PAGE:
Friulano has undergone an identity crisis over the past few decades. Although it is originally from Western France, it is mainly produced in the region of Fruili in Northeastern Italy. There, it was known as Tocai Friulano until 1995, when European Union courts awarded exclusive use of the name to Hungarian Tokaj winemakers for their dessert wine. It is also often referred to as Sauvignonasse, which causes many to confuse the wine with Sauvignon Blanc.
In short, poor Friulano is its own unique variety, yet it is very rarely celebrated. Considering it is one of the very few wines that go well with difficult-to-pair vegetables––like asparagus, cabbage, artichokes, and brussels sprouts––we think it should be given more acclaim.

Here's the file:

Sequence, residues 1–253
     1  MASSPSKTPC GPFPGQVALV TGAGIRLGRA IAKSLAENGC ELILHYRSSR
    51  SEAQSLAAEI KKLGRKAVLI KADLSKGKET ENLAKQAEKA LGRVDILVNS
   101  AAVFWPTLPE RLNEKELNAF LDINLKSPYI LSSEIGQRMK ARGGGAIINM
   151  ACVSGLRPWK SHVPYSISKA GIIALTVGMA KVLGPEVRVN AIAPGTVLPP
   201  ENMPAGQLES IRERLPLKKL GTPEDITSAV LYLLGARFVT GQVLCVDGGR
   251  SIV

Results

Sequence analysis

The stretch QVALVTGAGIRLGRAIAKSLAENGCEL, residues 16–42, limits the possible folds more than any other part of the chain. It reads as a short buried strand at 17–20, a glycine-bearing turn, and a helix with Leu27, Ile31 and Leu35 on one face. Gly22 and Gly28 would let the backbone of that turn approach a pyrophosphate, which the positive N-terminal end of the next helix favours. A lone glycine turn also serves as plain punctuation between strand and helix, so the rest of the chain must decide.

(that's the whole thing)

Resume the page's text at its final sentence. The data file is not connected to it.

Winemaker Carlo De Lorenzi’s family has been producing wine in Northeastern Italy since 1973 and boasts vineyards in two prime regions that hold Denominazione di Origine Controllata(DOC) status: Friuli Grave and Friuli Lison. The 2016 De Lorenzi Verduzzo Friulano has beautiful freshness and notes of green apple and herbs. It is perfect with white fish with lemon butter and capers, roasted vegetables, and prosciutto and arugula appetizers.